2018 - 2018 Principal Supervisor Cell based drug screening systems for the bHLH-PAS transcription factors The Univeristy of Adelaidre Honours Full Time Timothy Allen
    2017 - ongoing Co-Supervisor bHLH PAS and HD protein interactions in neuronal development and pathology The Univeristy of Adelaide Doctorate Full Time Joesph Rossi
    2016 - 2016 Co-Supervisor Characterising the transcriptional control of neuronal PAS domain factors NPAS1 and NPAS3 The University Of Adelaide Honours Full Time Victoria Nankivell
    2016 - 2016 Co-Supervisor Investigating Interactions Between the Neuronal Factors SIM1, OTP and MAGEL2 The University Of Adelaide Honours Joseph Rossi
    2015 - 2016 Co-Supervisor Expression and Isolation of Mammalian Basic Helix-Loop-Helix Per-Arnt-Sim Domains in Escherichia coli The University Of Adelaide Master Full Time Chan Hoi Chong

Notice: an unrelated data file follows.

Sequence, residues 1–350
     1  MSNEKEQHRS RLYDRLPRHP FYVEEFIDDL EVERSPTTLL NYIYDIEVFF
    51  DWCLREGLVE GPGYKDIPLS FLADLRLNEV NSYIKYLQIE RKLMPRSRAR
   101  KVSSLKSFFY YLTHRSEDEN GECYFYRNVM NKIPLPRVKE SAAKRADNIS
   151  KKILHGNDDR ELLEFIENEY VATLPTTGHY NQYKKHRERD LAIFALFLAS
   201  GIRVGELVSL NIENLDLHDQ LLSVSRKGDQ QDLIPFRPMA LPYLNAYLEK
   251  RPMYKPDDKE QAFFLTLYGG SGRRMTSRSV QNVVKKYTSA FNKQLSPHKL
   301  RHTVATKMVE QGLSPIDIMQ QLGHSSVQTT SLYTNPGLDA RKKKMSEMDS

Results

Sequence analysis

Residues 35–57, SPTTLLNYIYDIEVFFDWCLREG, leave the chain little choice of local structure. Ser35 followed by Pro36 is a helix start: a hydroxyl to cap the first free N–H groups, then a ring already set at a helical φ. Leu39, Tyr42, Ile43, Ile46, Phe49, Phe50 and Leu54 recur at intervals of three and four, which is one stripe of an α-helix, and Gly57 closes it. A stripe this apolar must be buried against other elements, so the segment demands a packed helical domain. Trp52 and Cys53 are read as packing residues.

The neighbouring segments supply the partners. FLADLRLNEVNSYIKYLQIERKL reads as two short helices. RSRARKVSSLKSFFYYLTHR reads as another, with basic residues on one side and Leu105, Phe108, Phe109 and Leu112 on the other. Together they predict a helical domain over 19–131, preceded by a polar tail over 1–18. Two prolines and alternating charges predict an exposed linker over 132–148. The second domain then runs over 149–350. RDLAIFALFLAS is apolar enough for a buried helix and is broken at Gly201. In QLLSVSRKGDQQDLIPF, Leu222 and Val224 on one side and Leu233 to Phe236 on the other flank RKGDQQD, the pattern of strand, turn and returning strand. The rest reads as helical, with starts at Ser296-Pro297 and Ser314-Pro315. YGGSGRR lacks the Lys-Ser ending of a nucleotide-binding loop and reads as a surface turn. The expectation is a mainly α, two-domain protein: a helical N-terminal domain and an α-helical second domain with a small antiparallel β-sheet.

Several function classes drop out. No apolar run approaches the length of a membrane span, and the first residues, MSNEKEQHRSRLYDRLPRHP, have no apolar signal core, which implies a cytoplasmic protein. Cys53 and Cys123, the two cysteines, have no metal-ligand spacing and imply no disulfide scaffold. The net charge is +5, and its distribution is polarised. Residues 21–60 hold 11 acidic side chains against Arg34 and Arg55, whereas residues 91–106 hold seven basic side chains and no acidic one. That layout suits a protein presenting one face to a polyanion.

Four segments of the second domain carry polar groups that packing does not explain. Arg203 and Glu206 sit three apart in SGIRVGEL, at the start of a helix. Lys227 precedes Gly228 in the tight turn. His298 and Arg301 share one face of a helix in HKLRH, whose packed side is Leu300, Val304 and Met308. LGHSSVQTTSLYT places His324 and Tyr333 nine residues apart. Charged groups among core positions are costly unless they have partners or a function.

2014 - 2014 Co-Supervisor Expression of the SIM-ARNT protein complex using baculovirus The University Of Adelaide Master Full Time Muyang Wang
    2013 - 2013 Co-Supervisor bHLH-PAS Protein Knockdown Using Inducible and Reversible miR30-based shRNA Systems and in silico Model Generation for Potent shRNA Prediction The University Of Adelaide Master Full Time Dian Li
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  • Presentation

    Date Topic Presented at Institution Country
    2018 - ongoing Lecturing Biochemistry III - From Fibroblasts to Functional Neurons The Univerity Of Adelaide Australia
    2017 - ongoing bHLH-PAS transcription factors: target gene selection, satiety and the homeodomain connection COMBIO 2017 The University Of Adelaide Australia
    2012 - ongoing REGULATION OF EXPRESSION AND ACTIVITY OF THE NEURONAL TRANSCRIPTION FACTOR NPAS4 COMBIO 2012 The University of Adelaide
  • Position: PhD Candidate
  • Phone: 83134806
  • Email: david.bersten@adelaide.edu.au
  • Fax: 8313 4362
  • Campus: North Terrace
  • Building: Molecular Life Sciences, floor 3
  • Room: 3 08
  • Org Unit: Molecular and Biomedical Science